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My guess is that there will be more independent shops specializing in the Prius just as there were specialty shops specializing in the VW beetle back in the 1960s and 1970s.
I moved to a university town back in the late 1960s. I had a 1961 Chevrolet Corvair. It wasn’t running right, so I went to a nearby service station. The mechanic on duty told me that I needed to take the Corvair to Freddie. I went to another service station. I was again told that I needed to see Freddie. I then asked “Where to I find Freddie”? Freddie worked at the Chevrolet dealer. I took the car to the dealer and the service writer called out “Freddie, we have one for you”.
Freddie came up and was delighted. He loved Corvairs. After being in town for awhile, every Corvair owner knew about Freddie.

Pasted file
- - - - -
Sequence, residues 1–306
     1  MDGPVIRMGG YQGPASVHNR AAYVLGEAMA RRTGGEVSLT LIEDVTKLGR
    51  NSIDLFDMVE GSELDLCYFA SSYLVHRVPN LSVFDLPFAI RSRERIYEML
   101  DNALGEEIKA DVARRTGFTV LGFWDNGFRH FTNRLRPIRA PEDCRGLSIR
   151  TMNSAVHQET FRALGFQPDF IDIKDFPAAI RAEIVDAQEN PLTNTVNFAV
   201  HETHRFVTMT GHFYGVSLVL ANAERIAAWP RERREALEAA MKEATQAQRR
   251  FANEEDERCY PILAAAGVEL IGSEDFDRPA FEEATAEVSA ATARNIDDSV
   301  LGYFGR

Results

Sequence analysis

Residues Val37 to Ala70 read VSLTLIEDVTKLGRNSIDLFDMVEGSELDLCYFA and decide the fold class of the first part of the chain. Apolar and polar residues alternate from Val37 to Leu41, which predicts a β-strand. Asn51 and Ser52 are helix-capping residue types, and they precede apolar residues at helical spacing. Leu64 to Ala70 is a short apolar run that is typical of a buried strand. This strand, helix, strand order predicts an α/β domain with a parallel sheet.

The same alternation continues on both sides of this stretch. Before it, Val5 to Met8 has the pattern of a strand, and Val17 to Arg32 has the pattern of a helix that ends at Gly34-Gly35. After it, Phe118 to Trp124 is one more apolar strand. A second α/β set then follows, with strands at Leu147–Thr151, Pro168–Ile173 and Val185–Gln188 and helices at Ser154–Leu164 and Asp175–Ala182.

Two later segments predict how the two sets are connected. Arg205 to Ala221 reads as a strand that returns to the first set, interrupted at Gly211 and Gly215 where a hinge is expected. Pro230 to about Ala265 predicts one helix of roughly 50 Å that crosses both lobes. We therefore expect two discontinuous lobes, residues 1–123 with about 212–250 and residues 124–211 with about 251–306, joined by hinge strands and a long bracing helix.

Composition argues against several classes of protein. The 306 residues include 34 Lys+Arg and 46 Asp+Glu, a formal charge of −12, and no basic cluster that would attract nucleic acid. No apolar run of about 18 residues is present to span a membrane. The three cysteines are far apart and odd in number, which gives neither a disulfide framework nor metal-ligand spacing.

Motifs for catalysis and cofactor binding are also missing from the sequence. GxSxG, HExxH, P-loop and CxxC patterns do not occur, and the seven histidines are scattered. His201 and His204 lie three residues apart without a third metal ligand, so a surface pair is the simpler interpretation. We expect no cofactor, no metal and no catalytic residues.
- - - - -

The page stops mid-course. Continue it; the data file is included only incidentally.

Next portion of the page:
I believe we now need a Freddie junior or Freddie III to specialize in the Prius.

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Here he is!


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How often do you have a catilytic converter security device installed?

This might be a good time to have the failing tire pressure sensors replaced.

So your money was not spent at that time.

There is a problem with the bladder in the Prius fuel tanks that can reduce the amount of fuel capacity when refueling.

You should review your invoice, your recollection does not sound right.

I don’t think you got the point of my questions like everyone else did.

I don’t know anything about dancing but those tire pressure sensors can fail intermittently making it difficult to verify and identify the failing sensors.